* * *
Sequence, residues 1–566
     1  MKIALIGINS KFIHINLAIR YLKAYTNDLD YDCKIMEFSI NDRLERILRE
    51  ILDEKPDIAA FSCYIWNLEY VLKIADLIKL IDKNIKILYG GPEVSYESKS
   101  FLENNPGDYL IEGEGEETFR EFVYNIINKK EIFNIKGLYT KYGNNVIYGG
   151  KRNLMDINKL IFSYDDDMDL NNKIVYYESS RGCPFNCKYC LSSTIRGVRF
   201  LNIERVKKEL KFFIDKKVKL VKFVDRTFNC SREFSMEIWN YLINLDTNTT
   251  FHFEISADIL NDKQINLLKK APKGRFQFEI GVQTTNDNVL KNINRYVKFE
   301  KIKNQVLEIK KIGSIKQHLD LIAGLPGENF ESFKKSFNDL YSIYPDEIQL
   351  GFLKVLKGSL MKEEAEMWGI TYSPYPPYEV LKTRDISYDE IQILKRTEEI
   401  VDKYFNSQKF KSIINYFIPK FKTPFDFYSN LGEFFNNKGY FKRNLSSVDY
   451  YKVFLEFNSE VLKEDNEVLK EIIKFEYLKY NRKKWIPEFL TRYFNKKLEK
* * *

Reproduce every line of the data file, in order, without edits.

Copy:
Sequence, residues 1–566
     1  MKIALIGINS KFIHINLAIR YLKAYTNDLD YDCKIMEFSI NDRLERILRE
    51  ILDEKPDIAA FSCYIWNLEY VLKIADLIKL IDKNIKILYG GPEVSYESKS
   101  FLENNPGDYL IEGEGEETFR EFVYNIINKK EIFNIKGLYT KYGNNVIYGG
   151  KRNLMDINKL IFSYDDDMDL NNKIVYYESS RGCPFNCKYC LSSTIRGVRF
   201  LNIERVKKEL KFFIDKKVKL VKFVDRTFNC SREFSMEIWN YLINLDTNTT
   251  FHFEISADIL NDKQINLLKK APKGRFQFEI GVQTTNDNVL KNINRYVKFE
   301  KIKNQVLEIK KIGSIKQHLD LIAGLPGENF ESFKKSFNDL YSIYPDEIQL
   351  GFLKVLKGSL MKEEAEMWGI TYSPYPPYEV LKTRDISYDE IQILKRTEEI
   401  VDKYFNSQKF KSIINYFIPK FKTPFDFYSN LGEFFNNKGY FKRNLSSVDY
   451  YKVFLEFNSE VLKEDNEVLK EIIKFEYLKY NRKKWIPEFL TRYFNKKLEK